This past weekend I participated in a negotiation tournament with my school. We flew out of state, tourneyed it up, and flew home. The experience of the weekend is not what drove me back to this blog to share a thought. It was the experience on the way home that I came back to this long-neglected place to write about.
One of the professors who had coached us and taken us to the tournament had offered myself and a fellow student a ride home. We came off the highway into a notoriously not so great part of town, and were driving through to drop my fellow student at his home. As we passed a street corner, we came upon a couple who were obviously fighting. The man was grabbing at the woman and yelling, while she fought to get away. Standing a few feet away was a small child, maybe 3.
We were already driving when we saw it, and were past the scene before we all registered what we saw. At that point, my professor slowed down, and you could tell he had a decision to make. He was a Lexus driving white law professor (though admittedly, the Lexus has 200,000 miles on it) in a predominantly African American neighborhood which is known for night time violence. He had two students who, while adults, were under his "care" as he drove them home, and he did not know what the situation we had just passed was really all about. BUT, he also knew that if he left it, and there was trouble, he would have been the guy who drove on by.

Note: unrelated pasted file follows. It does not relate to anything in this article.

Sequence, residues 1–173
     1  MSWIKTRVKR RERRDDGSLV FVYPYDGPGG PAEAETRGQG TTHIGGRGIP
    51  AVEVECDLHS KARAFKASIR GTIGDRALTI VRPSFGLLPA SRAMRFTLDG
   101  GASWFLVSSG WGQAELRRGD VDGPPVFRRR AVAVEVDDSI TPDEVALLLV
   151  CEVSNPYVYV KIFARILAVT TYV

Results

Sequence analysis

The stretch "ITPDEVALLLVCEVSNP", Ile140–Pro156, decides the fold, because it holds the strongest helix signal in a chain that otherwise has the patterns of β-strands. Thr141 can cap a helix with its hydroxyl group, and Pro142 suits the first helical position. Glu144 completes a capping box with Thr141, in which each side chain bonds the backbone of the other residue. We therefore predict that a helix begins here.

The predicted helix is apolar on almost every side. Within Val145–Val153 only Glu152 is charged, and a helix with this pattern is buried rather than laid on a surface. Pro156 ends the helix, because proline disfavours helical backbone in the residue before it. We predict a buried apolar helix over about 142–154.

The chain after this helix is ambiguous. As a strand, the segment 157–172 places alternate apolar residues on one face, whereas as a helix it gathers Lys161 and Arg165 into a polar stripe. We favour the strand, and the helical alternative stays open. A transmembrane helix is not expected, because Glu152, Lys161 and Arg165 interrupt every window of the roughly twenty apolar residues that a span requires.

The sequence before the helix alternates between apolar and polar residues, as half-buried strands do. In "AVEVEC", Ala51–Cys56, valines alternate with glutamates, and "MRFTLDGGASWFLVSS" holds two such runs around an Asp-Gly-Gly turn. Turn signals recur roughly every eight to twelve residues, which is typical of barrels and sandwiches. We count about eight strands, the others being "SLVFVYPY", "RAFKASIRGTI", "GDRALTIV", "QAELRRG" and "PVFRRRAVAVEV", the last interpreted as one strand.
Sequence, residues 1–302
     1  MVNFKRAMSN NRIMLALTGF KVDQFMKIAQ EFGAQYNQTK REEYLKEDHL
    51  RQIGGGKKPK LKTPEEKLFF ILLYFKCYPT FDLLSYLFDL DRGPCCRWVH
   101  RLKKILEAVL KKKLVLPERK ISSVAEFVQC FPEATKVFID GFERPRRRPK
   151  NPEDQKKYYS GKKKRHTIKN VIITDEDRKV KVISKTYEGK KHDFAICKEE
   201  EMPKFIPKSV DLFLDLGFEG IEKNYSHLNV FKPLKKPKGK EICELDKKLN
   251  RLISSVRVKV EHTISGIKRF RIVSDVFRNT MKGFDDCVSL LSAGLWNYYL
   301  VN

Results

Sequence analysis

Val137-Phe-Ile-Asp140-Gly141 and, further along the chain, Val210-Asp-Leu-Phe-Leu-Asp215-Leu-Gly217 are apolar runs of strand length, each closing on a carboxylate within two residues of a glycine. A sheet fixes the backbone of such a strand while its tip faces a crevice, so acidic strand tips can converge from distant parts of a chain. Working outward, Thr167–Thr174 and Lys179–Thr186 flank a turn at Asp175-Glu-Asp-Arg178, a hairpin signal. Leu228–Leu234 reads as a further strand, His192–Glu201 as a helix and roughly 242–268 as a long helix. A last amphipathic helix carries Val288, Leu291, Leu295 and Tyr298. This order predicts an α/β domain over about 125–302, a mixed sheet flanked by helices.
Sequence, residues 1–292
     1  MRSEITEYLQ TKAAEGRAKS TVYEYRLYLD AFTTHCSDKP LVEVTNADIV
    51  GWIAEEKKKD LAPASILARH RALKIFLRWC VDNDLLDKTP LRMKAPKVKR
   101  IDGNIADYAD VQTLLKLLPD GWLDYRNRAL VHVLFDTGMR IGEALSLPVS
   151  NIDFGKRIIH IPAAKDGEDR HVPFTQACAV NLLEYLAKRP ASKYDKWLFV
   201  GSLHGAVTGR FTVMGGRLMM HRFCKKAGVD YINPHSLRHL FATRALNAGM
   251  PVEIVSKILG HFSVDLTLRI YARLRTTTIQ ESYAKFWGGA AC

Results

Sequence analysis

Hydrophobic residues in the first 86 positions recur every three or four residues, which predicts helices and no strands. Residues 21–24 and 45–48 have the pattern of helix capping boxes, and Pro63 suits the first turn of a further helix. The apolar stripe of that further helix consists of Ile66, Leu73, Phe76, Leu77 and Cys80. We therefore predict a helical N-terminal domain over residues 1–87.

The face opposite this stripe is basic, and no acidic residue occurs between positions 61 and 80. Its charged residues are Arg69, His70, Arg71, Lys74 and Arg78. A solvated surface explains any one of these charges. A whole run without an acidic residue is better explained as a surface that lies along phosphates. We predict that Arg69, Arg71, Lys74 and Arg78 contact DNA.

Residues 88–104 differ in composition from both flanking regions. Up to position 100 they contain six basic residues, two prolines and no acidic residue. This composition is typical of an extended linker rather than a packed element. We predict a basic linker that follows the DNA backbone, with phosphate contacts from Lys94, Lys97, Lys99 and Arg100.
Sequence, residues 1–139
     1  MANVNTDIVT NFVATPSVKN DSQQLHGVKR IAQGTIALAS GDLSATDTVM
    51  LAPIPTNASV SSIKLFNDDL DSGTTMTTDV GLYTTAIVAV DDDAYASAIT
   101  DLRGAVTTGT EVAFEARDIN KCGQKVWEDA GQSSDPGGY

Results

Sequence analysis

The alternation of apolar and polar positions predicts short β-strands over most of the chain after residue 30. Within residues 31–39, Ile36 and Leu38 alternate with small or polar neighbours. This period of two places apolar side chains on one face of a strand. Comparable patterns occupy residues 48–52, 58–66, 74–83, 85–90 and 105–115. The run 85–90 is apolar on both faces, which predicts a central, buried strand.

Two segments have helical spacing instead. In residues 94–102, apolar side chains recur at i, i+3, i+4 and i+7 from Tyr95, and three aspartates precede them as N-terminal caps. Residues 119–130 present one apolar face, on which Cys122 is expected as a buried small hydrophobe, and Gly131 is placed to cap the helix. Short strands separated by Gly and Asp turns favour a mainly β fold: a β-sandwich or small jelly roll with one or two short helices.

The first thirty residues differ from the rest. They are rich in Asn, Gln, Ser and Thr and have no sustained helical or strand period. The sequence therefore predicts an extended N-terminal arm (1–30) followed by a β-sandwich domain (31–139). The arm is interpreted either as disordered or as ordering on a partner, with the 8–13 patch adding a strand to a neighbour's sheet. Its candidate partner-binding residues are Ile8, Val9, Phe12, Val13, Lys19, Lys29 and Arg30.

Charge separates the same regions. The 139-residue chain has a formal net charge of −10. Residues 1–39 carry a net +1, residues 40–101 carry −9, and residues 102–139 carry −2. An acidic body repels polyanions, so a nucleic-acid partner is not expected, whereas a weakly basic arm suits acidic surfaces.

So he turned around. We went back. By the time we got there, the situation seemed to have diffused, and they were all in a car, getting ready to leave. There was no more violence visibly present. So we drove on.
In that moment, I got a closer look into what kind of a man my professor is, and I was humbly awed by it. I like to think it is because he grew up playing ball in New England, and that baseball players are just naturally good guys who never shy away from a fight when someone is in need. And that may have played a part in it. But what I saw went even deeper than that. What I saw was a man who knew that something had to be done, and, even though it was not technically "his business", he took the steps to make sure what needed to be done was.
As we drove away he said, "You know, back in my day, with three guys in the car, we would have swung back, jumped out, and explained to the guy he was going to leave the lady alone. Nowadays, you have to worry about guns." I share that to show that he was not planning on being some foolhardy movie star hero, who would jump out and set "those" people straight, ignoring danger and laughing in its face. He was going to call the police. He was going to make sure the child was not in danger. He was going to put himself in the place to do the right thing.
Which is impressive. I had spent the entire weekend with him, and knew I liked him, both as a professor and as a person. I had seen his friendly and affable side, and even been comforted by his words of encouragement. But tonight I saw something of the man he is made of, and it inspired in me a desire to be a man made of similar stuff.
Which I thought was worthy of sharing.